- Corticosteroids – Corticosteroids, such as prednisone, may be used during an acute flare up. Note that corticosteroids come with unpleasant side effects such as weight gain, mood swings, hyperglycemia and hypertension. Longer term use can lead to redistribution of body fat, osteoporosis, poor skin integrity and higher risk for infection.
- Colchicine – Colchicine disrupts leukocyte activation to disrupt the inflammatory response to monosodium urate crystals. Its use is typically avoided in patients with hepatic or renal impairment and can cause serious hematologic adverse effects including leukopenia, thrombocytopenia, aplastic anemia and agranulocytosis. More common adverse effects are diarrhea, nausea and vomiting. Monitor your patient for colchicine toxicity which includes muscle weakness or pain, tingling in the periphery, bruising or unusual bleeding, signs of significant anemia, and severe vomiting or diarrhea.
- Dietary modifications – The patient should follow a low-purine diet and abstain from other triggering items such as fructose and alcohol.
- Non-pharmacologic therapies – These include cold therapy, elevation and immobilization in some cases.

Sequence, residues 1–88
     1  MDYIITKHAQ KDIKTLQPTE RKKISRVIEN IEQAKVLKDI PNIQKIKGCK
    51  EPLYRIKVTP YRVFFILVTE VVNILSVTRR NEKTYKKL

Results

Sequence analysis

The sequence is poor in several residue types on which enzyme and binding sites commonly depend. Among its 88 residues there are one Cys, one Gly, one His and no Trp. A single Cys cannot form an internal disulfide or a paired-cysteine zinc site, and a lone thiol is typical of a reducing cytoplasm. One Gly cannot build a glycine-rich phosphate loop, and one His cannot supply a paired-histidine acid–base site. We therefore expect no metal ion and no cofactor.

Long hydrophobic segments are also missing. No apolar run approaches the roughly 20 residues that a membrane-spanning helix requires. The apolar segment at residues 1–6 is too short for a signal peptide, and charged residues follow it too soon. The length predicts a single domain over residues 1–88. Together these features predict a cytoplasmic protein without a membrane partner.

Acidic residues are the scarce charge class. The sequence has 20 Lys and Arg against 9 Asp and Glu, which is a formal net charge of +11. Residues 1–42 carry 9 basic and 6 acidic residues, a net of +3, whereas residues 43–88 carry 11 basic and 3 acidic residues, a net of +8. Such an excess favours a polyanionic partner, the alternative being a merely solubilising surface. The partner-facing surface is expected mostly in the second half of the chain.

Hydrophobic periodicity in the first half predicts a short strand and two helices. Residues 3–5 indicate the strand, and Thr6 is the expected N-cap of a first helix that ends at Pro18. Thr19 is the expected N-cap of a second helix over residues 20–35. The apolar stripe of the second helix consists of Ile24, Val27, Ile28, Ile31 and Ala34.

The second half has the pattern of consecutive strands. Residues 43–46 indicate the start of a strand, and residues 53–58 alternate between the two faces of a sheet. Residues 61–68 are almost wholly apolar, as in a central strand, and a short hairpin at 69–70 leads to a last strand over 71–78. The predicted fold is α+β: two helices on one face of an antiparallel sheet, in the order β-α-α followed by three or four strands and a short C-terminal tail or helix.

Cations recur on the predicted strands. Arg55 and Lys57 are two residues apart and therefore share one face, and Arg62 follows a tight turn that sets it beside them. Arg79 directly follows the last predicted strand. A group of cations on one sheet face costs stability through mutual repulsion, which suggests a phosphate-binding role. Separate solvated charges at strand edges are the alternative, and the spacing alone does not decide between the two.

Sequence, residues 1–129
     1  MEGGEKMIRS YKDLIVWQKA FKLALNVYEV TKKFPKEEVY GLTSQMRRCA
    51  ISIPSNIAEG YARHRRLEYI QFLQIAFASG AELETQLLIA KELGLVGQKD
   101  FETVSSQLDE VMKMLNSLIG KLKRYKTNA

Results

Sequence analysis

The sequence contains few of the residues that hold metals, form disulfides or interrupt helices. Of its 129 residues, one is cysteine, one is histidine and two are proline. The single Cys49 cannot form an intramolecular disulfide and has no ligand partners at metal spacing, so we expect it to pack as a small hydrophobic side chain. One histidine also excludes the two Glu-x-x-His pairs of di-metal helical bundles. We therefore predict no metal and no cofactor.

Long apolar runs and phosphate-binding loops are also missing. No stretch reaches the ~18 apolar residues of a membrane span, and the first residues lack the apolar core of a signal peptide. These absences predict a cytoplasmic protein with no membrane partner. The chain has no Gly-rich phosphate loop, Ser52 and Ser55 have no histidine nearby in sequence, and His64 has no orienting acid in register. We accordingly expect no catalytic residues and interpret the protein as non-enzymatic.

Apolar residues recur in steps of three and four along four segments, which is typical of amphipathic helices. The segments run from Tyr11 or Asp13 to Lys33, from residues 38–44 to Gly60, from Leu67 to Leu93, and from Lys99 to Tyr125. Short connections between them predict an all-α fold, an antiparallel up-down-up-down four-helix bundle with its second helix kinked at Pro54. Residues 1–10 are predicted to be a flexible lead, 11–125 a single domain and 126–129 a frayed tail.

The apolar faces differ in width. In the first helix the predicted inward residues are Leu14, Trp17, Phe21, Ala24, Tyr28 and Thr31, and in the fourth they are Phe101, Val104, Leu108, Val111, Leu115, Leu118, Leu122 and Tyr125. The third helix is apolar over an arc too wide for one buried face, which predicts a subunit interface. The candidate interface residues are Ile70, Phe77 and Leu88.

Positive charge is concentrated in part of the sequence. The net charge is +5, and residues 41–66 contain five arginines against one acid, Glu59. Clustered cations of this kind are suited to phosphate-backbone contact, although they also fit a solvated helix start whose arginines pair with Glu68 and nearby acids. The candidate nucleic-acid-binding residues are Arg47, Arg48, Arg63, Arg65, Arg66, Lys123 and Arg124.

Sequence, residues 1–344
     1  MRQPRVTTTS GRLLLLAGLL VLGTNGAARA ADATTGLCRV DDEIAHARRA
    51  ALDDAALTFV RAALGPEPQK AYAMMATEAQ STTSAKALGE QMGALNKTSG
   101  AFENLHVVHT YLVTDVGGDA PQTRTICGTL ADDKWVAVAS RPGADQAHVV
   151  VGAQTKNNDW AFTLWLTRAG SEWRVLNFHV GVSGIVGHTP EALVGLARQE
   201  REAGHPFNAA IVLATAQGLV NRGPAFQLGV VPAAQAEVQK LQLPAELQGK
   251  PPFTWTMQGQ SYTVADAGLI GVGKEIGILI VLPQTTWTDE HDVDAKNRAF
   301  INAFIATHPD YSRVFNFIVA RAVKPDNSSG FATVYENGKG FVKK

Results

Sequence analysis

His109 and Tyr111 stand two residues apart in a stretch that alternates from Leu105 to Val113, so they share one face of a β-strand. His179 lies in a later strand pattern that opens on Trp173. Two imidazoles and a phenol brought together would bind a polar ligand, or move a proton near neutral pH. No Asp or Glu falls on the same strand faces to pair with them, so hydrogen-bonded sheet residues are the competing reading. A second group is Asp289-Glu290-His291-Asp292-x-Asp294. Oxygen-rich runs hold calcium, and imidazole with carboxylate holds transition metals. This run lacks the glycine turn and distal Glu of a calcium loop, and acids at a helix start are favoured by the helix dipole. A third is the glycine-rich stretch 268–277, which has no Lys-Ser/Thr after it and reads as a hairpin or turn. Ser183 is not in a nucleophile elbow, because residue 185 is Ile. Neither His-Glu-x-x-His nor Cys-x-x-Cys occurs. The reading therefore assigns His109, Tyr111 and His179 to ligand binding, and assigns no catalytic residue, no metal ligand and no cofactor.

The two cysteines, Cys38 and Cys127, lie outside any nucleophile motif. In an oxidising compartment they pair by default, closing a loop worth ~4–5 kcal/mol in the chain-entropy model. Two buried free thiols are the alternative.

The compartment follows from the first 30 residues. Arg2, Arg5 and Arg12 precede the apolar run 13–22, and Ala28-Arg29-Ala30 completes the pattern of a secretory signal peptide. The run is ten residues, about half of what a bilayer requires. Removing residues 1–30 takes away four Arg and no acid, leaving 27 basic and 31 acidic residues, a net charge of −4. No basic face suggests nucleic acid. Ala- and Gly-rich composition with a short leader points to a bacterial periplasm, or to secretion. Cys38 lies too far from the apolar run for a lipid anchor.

Other medications are utilized to block uric acid production or improve the removal of uric acid by the kidneys.
- Allopurinol and febuxostat block uric acid production. Allopurinol is a xanthine oxidase inhibitor and the most commonly used medication to treat chronic gout. It is also used to treat hyperuricemia secondary to the treatment of leukemias and tumors. Common adverse effects of this medication include rash which could be a sign of a potential serious reaction such as Stevens-Johnson syndrome. If a patient develops a rash while taking allopurinol, the medication will likely be discontinued. The patient should increase their hydration to help prevent the formation of calculi, especially when combined with a uricosuric medication such as probenecid. Click here to learn more about allopurinol.
- Probenecid is often used to treat hyperuricemia secondary to thiazide therapy and is a uricosuric medication, meaning it promotes renal excretion of uric acid. Patients should maintain adequate hydration to prevent the formation of uric acid stones.